MND and Me Foundation Research Grant – Update August 2018

Researchers: Associate Professor Peter G. Noakes, Dr Shyuan T. Ngo, Associate Professor William D. Phillips, & the MND QLD Research Collective.

 

Muscle weakness is an early symptom of MND in patients.  Research from patients with MND, and from mice created to develop MND symptoms, show that this occurs due to the loss of motor nerve muscle connections.  Motor nerves, located in the spinal cord, connect with muscles and cause the muscle to contract, this is called a neuromuscular connection.  Our research has been investigating how neuromuscular connections are lost in MND.  So far, our studies in patients with MND, and mice created to study MND, have shown that there is a loss of adhesion between motor nerves and muscle cells, along with a loss of molecules needed for muscles to contract.

 

The loss of adhesion is due to the decrease in the amount of a group of molecules called laminins which are located between the motor nerve ending and the muscle cell.  Laminins are responsible for holding the motor nerve ending on to the muscle fibre.  We have observed this loss in the adhesion laminins -a4, -a5 and -b2 at human neuromuscular connections in muscle from several early diagnosed patients with MND, and in mice before they develop symptoms of MND.

 

The drop in these adhesive laminins could explain some of the early features that we, and others, have seen at neuromuscular connections in MND patients; such as withdrawal of the motor nerve from muscle, and the invasion of another cell, the Schwann cell, that may lift the motor nerve ending off the muscle.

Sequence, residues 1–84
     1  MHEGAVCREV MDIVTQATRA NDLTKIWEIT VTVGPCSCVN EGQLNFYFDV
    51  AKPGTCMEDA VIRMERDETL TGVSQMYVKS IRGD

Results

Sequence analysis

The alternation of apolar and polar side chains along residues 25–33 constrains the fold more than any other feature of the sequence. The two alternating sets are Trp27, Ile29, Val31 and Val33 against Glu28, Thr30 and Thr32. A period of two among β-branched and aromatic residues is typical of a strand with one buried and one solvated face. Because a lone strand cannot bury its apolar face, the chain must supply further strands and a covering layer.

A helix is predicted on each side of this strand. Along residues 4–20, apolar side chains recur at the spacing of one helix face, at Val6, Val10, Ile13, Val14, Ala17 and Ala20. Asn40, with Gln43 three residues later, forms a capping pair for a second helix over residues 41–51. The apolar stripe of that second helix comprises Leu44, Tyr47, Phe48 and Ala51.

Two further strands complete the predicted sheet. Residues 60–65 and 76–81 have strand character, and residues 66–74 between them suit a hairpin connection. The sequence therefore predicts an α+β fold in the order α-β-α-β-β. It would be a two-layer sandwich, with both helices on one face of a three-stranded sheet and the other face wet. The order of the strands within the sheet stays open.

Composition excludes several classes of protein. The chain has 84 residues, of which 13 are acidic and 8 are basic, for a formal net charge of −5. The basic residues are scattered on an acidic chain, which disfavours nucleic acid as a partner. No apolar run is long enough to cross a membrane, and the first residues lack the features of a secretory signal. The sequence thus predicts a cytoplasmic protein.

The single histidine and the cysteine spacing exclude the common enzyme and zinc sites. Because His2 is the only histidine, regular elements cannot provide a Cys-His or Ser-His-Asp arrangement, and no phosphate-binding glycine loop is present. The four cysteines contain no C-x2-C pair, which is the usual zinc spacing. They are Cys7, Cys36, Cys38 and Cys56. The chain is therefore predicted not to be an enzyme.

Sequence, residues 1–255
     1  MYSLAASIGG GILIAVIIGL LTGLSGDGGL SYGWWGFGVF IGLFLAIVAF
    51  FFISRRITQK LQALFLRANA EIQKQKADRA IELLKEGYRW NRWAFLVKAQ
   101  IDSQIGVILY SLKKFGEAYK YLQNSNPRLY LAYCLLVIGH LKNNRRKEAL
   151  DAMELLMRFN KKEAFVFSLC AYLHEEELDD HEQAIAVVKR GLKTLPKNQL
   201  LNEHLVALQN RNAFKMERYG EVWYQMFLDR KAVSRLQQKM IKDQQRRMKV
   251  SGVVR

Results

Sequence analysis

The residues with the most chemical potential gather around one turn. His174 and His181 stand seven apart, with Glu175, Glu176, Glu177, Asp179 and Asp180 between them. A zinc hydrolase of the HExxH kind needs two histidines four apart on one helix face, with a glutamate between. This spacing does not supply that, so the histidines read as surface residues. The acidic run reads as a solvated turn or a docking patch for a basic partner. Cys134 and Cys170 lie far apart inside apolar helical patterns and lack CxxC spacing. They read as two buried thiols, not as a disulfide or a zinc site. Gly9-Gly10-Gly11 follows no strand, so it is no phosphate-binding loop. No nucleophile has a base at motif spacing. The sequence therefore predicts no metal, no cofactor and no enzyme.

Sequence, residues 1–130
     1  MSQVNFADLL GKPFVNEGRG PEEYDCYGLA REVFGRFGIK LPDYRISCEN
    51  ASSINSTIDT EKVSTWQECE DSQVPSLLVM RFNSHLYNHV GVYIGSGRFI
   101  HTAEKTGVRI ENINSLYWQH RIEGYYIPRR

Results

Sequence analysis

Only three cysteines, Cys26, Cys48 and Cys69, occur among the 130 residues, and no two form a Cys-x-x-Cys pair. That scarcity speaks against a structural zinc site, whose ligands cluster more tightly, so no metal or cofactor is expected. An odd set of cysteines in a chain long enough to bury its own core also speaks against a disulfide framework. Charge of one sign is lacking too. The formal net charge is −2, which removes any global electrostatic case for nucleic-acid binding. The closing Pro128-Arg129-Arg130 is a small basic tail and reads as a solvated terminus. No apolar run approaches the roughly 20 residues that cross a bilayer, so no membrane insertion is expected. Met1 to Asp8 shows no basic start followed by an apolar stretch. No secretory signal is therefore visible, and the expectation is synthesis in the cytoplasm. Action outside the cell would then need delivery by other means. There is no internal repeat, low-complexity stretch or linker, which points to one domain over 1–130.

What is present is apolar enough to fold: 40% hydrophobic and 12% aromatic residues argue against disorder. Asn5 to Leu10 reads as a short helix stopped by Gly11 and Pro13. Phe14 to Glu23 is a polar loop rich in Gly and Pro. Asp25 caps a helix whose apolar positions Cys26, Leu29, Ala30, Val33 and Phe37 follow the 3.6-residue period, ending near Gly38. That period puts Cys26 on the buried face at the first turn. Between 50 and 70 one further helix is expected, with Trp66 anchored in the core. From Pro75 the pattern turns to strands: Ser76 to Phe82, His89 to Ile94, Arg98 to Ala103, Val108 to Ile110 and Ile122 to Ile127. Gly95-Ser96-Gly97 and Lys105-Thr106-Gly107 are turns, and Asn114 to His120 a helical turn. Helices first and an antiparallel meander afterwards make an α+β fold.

Acetylcholine receptors are proteins in the muscle membrane which respond to chemicals from the motor nerve ending and cause the muscle to contract.  MuSK is another protein that is located next to these receptors, which, when activated, causes these receptors to gather in large amounts in the muscle surface below where the motor nerve attaches.  Agrin, a molecule released by the motor nerve, activates MuSK to cause this process to happen.  We have been able to generate muscle cells from patients with MND and healthy control donors, grow them in a dish, and assess their ability to cluster acetylcholine receptors on the surface of muscle cells in response to Agrin.  So far, we have seen that muscles from patients with MND do not respond to Agrin to form large clusters of Acetylcholine receptors.  This could be due to a drop in the level of MuSK in the muscle cell.

 

We believe that improving the levels of the laminins -a4, -a5, and -b2, along with MuSK, will help stabilise the connection between motor nerves and muscle, and hence slow the rate of muscle weakness and paralysis, thereby providing a better quality of life for patients.